Regulators ask AGL to consider fee for $275M pipe replacement
July 25, 2013 11:33 PM | 910 views | 0 0 comments | 5 5 recommendations | email to a friend | print
By Ray Henry

Associated Press Writer

ATLANTA — Utility regulators asked AGL Resources Inc. on Thursday to consider gradually phasing in a proposed fee that will allow it to collect $275 million from customers to replace aging and potentially brittle plastic pipelines.

Company executives say an intensive program to replace pipes rather than a smaller piece-by-piece effort lowers the chance of a major pipeline failure and allows the utility to get cheaper prices on piping and labor. A consumer advocacy group and one former regulator have questioned whether the company has shown enough evidence to justify so large a program and asked why all customers pay the same program costs, regardless of how much gas they use.

Under a tentative deal, AGL Resources would charge its customers $1.29 per month to start replacing about 756 miles of the oldest plastic pipeline. Like many gas companies, AGL Resources started using plastic pipes in the 1960s because they were cheaper than metal pipes, easier to install and less susceptible to corrosion.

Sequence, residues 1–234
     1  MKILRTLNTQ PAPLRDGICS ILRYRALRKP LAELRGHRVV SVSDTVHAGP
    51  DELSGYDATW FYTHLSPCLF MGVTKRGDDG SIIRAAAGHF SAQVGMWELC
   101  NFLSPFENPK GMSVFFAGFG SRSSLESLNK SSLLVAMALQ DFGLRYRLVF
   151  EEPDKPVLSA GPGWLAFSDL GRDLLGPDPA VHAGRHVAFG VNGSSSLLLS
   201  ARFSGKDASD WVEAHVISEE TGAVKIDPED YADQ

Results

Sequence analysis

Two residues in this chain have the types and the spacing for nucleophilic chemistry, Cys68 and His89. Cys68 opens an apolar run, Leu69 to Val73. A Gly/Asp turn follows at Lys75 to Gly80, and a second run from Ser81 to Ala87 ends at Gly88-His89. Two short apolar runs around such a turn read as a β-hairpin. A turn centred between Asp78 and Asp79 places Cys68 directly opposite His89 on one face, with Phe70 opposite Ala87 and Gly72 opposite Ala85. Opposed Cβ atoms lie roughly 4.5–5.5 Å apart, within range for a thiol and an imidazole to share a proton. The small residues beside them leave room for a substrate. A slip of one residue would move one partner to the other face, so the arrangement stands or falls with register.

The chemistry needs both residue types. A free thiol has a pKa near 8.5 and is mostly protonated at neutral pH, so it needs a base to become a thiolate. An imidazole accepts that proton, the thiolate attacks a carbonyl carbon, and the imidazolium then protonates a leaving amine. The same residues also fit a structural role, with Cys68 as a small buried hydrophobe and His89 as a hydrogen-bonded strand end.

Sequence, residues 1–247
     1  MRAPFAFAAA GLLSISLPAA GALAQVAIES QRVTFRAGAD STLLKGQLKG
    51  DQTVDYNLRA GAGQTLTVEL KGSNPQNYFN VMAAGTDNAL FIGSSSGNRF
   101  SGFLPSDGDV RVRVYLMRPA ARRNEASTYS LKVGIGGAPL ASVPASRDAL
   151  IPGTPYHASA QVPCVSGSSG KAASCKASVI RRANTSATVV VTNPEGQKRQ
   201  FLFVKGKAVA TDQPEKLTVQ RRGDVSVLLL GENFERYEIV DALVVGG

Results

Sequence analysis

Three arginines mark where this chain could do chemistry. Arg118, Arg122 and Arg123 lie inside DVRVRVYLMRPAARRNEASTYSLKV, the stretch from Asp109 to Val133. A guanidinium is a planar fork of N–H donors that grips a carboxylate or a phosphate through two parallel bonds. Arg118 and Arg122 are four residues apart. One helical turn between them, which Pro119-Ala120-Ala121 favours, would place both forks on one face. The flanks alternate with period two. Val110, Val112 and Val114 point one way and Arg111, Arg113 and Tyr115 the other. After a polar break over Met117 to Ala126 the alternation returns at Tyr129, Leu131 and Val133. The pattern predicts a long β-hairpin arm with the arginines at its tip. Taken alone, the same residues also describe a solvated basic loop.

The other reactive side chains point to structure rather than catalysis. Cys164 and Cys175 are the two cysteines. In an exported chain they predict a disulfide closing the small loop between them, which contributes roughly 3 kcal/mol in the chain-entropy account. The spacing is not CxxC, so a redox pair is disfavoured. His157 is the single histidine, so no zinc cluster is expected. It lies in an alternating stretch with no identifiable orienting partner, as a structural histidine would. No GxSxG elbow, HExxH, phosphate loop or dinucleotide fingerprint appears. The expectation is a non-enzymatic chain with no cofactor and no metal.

However, several failures nationally showed early plastic pipes could become brittle over time and crack.

Public Service Commissioner Doug Everett asked the company to consider phasing in the proposed charges instead of assessing a flat fee. Under that plan, company officials said the fee would start at 49 cents per month and eventually grow to $1.45.

Commissioner Stan Wise said he wanted the agreement to clarify that AGL could start replacing 756 miles composed mostly of the oldest plastic piping, but he wanted the company to offer more information before the state allows the replacement of almost 2,600 miles more.

A vote on the plan is expected next month.

Since Georgia deregulated its natural gas market, AGL Resources serves as the monopoly that owns the distribution pipelines.

Companies that sell gas over the system bill customers for the cost of using those pipelines. AGL is on the verge of completing a program to swap out bare steel and cast iron pipes, some of which were decades old, decayed and prone to leaks.

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